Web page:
“I’m Too Tall to Work in Horseracing”

“I’m Too Tall to Work in Horseracing”
MOLLICHAFF COMPLETE

“I’m Too Tall to Work in Horseracing”

Have you considered working as a jockey but come to the conclusion that you’re too tall to work in Horseracing? This is a common misconception. There is no height limit for riding racehorses but there is a weight limit, for the welfare of the racehorses. There are however many job roles which don’t require you to ride racehorses but still allow you to exercise them.

Horseracing in Britain is among the worlds best regulated animal activities. Racehorses in training lead an exceptionally high quality of life. They receive unparalleled care and attention, the best possible feed, bedding, facilities and a healthy lifestyle involving regular, daily exercise.

British horseracing is a nationwide sport with 59 licensed racecourses spread across Great Britain. British racing is an industry of great significance to the economy and is at the heart of rural communities across the country.

  • British racing supports 85,000 jobs
  • Over 10,000 employees are involved in the production and training of racehorses
  • Over 400 full-time licensed jockeys
  • Over 550 licensed racehorse trainers
  • Over 14,000 horses in training
  • Around 6 million attendees at racecourses annually
  • Over 5,000 people work on a racecourse at the most prestigious race meetings
  • £35 million in veterinary research and education has been invested since the year 2000. This benefits all breeds of horses, not just thoroughbreds.

The sport offers a variety of job roles, some of which are very specialised like being a betting analyst, investigating officer or veterinary officer, while other jobs, such as racing grooms, work riders and stud hands are more plentiful.

‘Not your typical job’, is perhaps the best way to describe all the jobs in horseracing, whether working directly with horses or in an office. The variety of jobs available really does make the racing industry one that has a job for everyone. Key practical roles that involve looking after horses might be at a trainer’s yard or on a stud farm.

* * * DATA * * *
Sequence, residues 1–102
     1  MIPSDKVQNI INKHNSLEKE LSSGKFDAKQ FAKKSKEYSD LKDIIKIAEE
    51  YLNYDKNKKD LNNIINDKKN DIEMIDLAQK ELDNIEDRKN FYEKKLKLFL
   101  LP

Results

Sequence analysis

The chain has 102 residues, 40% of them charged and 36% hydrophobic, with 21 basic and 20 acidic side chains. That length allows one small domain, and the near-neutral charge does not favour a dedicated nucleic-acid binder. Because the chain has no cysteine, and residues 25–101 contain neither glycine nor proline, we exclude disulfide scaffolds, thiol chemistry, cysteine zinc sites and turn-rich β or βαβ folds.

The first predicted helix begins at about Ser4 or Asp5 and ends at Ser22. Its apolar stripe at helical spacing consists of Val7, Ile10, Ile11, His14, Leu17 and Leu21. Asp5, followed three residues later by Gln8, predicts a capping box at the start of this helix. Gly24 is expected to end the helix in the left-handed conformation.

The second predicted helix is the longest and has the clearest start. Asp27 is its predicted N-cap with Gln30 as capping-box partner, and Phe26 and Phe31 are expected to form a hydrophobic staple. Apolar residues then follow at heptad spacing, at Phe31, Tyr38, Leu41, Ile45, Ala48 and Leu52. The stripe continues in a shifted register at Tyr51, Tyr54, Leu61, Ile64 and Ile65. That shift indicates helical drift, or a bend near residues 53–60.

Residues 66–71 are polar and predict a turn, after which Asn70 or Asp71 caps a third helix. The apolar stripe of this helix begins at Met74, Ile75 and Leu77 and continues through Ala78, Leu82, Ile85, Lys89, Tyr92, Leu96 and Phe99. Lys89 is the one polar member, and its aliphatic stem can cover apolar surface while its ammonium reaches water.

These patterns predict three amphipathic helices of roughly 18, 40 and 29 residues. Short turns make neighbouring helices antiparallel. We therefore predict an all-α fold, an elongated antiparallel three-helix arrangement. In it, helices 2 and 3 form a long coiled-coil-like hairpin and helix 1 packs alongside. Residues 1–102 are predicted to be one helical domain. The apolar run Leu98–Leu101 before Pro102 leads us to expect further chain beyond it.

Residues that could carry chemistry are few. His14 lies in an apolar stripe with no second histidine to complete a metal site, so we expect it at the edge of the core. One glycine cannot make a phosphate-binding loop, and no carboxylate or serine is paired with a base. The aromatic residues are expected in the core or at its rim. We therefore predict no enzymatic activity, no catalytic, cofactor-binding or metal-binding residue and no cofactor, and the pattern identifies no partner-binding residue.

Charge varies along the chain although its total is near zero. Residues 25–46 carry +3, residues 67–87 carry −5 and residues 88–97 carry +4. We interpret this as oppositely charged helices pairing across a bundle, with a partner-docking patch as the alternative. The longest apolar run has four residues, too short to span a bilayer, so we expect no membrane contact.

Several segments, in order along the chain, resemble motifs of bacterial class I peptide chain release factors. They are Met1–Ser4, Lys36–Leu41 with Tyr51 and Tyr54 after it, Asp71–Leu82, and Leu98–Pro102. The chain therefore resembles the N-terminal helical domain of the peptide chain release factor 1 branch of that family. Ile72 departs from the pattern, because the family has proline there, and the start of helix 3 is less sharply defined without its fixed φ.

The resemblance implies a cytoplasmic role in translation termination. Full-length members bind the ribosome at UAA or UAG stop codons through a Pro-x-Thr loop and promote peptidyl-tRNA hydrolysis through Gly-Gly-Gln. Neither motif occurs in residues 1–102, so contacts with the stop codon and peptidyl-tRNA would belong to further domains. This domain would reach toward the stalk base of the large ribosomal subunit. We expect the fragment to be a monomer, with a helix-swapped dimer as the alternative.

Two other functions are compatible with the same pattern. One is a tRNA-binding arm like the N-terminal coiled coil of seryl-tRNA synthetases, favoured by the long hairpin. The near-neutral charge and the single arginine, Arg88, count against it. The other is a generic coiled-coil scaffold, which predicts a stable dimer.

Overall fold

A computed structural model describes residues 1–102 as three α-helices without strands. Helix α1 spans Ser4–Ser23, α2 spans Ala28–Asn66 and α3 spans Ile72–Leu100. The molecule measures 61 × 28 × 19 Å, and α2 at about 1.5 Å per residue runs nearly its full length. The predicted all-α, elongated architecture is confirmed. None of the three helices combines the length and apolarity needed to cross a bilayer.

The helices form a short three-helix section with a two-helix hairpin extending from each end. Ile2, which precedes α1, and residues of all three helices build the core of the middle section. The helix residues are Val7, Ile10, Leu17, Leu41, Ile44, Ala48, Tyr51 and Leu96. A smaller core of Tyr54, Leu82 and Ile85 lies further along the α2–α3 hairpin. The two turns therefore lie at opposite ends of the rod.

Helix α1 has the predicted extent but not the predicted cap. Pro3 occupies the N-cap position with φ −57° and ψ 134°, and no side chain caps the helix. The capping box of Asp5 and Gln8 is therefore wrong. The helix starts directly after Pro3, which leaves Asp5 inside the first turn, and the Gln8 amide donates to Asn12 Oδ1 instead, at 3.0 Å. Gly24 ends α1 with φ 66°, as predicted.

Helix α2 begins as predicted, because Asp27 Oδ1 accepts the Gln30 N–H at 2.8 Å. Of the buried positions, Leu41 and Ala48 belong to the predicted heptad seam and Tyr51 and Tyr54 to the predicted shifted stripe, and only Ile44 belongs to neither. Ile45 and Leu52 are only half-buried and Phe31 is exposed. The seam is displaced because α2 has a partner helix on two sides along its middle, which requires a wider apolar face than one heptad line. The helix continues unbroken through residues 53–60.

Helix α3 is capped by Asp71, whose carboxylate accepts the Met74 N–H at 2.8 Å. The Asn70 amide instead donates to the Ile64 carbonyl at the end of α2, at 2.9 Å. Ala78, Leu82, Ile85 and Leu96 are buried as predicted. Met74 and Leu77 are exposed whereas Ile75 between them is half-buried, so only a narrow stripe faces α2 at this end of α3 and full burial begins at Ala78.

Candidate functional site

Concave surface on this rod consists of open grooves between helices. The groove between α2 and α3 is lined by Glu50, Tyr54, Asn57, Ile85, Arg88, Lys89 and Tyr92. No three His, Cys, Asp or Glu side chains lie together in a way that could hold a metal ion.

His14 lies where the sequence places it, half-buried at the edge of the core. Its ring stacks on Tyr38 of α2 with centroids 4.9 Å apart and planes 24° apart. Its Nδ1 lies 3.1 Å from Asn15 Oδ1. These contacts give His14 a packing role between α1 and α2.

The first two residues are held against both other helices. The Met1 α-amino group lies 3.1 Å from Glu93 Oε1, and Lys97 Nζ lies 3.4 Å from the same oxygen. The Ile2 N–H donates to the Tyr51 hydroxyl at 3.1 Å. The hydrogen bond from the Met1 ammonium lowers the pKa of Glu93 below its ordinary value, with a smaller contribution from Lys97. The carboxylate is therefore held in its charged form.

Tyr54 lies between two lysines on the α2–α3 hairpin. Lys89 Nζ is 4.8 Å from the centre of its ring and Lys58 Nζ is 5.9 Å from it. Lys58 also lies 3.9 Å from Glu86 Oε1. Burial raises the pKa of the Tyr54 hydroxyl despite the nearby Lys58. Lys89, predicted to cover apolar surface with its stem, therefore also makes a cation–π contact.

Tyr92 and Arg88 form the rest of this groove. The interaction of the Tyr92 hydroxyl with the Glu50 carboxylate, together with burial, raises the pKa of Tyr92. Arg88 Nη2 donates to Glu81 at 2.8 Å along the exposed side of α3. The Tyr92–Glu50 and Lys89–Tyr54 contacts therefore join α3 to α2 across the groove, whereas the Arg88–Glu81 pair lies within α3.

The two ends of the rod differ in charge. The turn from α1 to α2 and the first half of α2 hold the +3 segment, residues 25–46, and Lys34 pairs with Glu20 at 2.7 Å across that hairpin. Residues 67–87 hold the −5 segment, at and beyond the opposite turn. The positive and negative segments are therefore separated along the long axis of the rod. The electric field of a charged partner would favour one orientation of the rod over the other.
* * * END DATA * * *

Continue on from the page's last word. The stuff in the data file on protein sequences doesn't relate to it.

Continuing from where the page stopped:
Previous hands-on equine experience or academic qualifications are not necessary to start your horseracing career. Residential Foundation Courses, which are 12-weeks in length, are delivered at the industry’s training providers, including the National Horseracing College in Doncaster, South Yorkshire. Upon successful completion of the initial training, learners are secured a 6-week work placement in a licensed trainer’s yard which can lead to a full-time, permanent position as a member of the racing staff team and the commencement of a Level 2 Apprenticeship which is completed in the workplace.

“I’m Too Tall to Work in Horseracing”

The industry offers training courses from Apprenticeships to MBAs. As young people have to remain in education until they are 18-years-old, Apprenticeships are available in racehorse care either after GCSEs or A-Levels. Attendance on a Foundation Course is the first step to becoming a racing groom or stud hand.

Why Work with Racehorses?
  • Apprenticeships
  • Advanced Apprenticeships
  • Structured Training and Development
  • Agreed Industry Wages
  • Paid Overtime
  • Pension Scheme
  • Opportunities to Travel throughout the UK and Abroad
  • Trade Union Support
  • Be Part of a Team
  • Yard Bonus Scheme
  • Accident Scheme
  • Working Outdoors

Interested?

Monthly Open Days take place at the National Horseracing College where potential students and their parents/carers have the opportunity to look around the facilities, meet the horses, chat with the instructor team about the career opportunities and training available and meet the current students and talk about how they’re getting on.

Open Morning dates can be found on www.theNHC.co.uk

Make your passion, your career

 

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